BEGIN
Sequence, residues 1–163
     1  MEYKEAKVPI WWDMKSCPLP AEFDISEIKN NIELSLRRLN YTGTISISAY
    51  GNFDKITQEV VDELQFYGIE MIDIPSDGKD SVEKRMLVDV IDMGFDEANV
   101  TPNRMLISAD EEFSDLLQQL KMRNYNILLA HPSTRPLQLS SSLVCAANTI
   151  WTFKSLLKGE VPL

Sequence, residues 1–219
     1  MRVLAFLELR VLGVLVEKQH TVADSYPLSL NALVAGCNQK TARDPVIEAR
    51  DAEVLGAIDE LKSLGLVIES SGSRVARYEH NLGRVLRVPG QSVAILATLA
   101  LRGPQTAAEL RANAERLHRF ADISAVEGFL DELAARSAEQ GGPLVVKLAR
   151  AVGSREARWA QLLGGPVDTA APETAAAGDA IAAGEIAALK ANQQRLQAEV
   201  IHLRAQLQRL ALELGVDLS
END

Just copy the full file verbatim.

Sequence, residues 1–163
     1  MEYKEAKVPI WWDMKSCPLP AEFDISEIKN NIELSLRRLN YTGTISISAY
    51  GNFDKITQEV VDELQFYGIE MIDIPSDGKD SVEKRMLVDV IDMGFDEANV
   101  TPNRMLISAD EEFSDLLQQL KMRNYNILLA HPSTRPLQLS SSLVCAANTI
   151  WTFKSLLKGE VPL

Sequence, residues 1–219
     1  MRVLAFLELR VLGVLVEKQH TVADSYPLSL NALVAGCNQK TARDPVIEAR
    51  DAEVLGAIDE LKSLGLVIES SGSRVARYEH NLGRVLRVPG QSVAILATLA
   101  LRGPQTAAEL RANAERLHRF ADISAVEGFL DELAARSAEQ GGPLVVKLAR
   151  AVGSREARWA QLLGGPVDTA APETAAAGDA IAAGEIAALK ANQQRLQAEV
   201  IHLRAQLQRL ALELGVDLS